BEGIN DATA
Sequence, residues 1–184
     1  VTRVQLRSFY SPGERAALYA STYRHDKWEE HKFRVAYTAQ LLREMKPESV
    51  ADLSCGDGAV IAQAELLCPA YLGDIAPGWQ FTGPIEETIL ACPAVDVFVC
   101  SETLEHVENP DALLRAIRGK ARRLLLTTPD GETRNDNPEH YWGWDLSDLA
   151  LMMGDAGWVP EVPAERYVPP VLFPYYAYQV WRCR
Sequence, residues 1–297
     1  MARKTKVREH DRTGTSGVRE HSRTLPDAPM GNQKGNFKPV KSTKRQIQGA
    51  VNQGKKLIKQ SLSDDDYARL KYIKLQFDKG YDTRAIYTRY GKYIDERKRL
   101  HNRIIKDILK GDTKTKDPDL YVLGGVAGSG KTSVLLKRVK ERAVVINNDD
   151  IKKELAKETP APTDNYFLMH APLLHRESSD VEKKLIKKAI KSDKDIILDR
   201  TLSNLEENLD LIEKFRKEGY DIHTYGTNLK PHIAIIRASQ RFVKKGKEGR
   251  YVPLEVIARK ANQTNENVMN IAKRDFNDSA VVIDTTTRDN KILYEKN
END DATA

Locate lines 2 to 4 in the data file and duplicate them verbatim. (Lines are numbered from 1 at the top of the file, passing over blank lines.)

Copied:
     1  VTRVQLRSFY SPGERAALYA STYRHDKWEE HKFRVAYTAQ LLREMKPESV
    51  ADLSCGDGAV IAQAELLCPA YLGDIAPGWQ FTGPIEETIL ACPAVDVFVC
   101  SETLEHVENP DALLRAIRGK ARRLLLTTPD GETRNDNPEH YWGWDLSDLA